Deepwater Project Management
Effectively overseeing the most extreme of deepwater projects requires a unique approach to project management. Elisabeth Fischer talks to deepwater project specialist Ian Mills of Exceed about the design, exploration, evaluation and full field development of deepwater projects.
As 'easy' oil and gas declines, deepwater exploration and development plays an increasingly important role in meeting global energy demands; however, with the advancement into ever deeper waters the challenges and risks for oil companies exponentially grow.
Operators and contractors face safety issues, limited availability of deepwater rigs, increasing costs and a shortage of experienced and technically skilled people.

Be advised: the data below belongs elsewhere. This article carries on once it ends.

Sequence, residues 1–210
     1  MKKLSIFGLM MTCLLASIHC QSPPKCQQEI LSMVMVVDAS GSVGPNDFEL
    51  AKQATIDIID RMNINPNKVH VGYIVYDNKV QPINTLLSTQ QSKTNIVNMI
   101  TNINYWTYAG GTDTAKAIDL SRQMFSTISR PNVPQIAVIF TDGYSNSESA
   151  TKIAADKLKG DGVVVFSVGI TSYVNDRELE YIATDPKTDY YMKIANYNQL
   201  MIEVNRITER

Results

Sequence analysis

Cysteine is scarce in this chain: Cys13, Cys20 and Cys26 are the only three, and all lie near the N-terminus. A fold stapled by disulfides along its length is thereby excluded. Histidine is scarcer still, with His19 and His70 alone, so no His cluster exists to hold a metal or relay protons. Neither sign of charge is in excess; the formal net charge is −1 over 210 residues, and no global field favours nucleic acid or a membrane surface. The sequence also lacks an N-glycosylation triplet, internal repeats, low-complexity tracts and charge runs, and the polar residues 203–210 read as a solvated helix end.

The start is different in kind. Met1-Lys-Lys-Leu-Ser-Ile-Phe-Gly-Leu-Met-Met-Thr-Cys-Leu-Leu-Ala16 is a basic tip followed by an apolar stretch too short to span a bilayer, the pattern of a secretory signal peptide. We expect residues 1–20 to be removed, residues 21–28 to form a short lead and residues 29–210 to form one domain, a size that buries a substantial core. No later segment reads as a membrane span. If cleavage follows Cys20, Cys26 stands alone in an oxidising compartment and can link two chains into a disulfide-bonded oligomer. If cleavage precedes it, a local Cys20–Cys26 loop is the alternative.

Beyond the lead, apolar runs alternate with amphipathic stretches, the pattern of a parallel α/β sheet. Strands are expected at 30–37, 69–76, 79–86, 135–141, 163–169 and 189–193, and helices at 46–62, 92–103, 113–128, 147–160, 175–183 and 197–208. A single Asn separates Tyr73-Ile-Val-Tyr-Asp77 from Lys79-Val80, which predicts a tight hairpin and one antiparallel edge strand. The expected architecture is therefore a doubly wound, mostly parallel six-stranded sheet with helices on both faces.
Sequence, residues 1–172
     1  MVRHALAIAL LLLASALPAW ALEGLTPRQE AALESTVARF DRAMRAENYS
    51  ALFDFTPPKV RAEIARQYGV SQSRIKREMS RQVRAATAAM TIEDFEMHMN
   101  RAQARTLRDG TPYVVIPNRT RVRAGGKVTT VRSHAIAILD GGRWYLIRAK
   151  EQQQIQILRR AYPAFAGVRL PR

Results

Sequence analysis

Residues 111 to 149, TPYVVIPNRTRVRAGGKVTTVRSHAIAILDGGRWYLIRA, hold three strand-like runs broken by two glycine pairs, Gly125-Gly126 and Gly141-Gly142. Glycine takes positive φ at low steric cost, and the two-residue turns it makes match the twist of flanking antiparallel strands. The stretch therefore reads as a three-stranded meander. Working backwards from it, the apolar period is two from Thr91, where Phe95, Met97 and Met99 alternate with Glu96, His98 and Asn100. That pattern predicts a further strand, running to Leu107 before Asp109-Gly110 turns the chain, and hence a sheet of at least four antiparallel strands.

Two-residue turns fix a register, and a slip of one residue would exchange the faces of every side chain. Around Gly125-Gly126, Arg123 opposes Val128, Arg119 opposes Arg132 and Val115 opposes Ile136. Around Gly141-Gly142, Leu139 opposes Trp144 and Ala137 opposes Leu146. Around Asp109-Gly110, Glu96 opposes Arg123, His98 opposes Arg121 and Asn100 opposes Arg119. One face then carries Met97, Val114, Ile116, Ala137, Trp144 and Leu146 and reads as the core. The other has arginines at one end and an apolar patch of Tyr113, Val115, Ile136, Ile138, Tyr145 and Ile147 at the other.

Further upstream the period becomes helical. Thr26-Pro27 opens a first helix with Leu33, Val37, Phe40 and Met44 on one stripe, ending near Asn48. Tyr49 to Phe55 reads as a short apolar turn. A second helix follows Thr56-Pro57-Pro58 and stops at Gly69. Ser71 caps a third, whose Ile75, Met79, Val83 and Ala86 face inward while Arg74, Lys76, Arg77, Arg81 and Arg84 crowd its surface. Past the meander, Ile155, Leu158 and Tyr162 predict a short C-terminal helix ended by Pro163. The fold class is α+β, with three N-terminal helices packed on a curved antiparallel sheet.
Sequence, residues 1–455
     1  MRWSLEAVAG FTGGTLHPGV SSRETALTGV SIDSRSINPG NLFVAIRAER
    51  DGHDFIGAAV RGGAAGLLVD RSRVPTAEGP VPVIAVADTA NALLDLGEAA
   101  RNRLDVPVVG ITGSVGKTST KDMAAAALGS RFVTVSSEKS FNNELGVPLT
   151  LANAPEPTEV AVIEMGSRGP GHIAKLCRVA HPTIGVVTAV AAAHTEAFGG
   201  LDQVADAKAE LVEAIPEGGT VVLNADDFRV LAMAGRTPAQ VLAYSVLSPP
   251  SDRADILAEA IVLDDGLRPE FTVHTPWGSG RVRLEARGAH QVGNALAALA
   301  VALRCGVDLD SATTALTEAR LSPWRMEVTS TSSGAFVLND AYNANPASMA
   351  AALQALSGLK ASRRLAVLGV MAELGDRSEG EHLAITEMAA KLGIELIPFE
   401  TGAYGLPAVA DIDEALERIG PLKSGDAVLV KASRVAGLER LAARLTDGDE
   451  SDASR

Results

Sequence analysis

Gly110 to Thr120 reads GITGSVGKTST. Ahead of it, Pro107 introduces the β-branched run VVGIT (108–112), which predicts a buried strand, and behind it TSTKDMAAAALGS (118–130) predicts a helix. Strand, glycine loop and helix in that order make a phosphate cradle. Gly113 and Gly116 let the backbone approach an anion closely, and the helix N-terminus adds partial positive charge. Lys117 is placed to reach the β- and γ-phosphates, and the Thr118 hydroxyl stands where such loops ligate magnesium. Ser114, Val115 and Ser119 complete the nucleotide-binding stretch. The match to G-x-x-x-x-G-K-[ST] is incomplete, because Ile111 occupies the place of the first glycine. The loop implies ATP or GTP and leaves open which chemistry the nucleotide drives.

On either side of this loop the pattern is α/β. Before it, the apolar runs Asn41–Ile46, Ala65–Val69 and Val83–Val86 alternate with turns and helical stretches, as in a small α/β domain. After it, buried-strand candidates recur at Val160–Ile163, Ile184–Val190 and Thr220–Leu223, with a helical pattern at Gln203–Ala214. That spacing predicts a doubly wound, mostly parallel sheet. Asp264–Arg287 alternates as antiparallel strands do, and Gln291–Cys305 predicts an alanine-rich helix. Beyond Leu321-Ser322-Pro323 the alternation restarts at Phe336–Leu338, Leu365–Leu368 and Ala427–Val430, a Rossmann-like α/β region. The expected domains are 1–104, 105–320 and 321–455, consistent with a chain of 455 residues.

The harsh environment also calls for specialist deepwater knowledge and expertise. In 2009, a group of experienced deepwater wells professionals teamed up to form the first drilling consultancy to specialise in deepwater projects.
As a new division of the Aberdeen-based offshore consultancy Exceed, they provide full wells project capability from conceptual design, exploration and evaluation through to full field development.
Now, 18 months on, the team is working on several deepwater and ultra-deepwater exploration projects in the Black Sea and offshore Israel on behalf of Geo Global Resources, and is in advanced discussions with potential customers along the West African coast. Exceed founder and director Ian Mills explains how to deliver successful wells projects in the world's deepest waters.
Elisabeth Fischer: What goes into managing deepwater projects?